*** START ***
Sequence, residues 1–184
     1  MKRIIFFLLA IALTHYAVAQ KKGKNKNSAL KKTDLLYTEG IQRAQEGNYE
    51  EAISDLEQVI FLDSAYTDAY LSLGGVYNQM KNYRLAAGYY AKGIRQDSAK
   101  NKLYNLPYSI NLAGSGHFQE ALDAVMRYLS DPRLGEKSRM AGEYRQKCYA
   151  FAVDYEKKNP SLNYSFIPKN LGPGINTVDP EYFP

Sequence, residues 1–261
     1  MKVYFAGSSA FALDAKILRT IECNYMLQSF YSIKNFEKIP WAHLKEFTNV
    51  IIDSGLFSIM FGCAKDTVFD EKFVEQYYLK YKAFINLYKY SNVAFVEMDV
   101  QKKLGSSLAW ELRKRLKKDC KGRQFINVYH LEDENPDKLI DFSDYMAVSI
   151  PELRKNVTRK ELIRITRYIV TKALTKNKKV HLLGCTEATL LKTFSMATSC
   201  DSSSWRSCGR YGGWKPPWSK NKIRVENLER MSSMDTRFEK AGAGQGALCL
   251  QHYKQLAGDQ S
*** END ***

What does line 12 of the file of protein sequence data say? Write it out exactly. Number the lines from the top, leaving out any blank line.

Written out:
   251  QHYKQLAGDQ S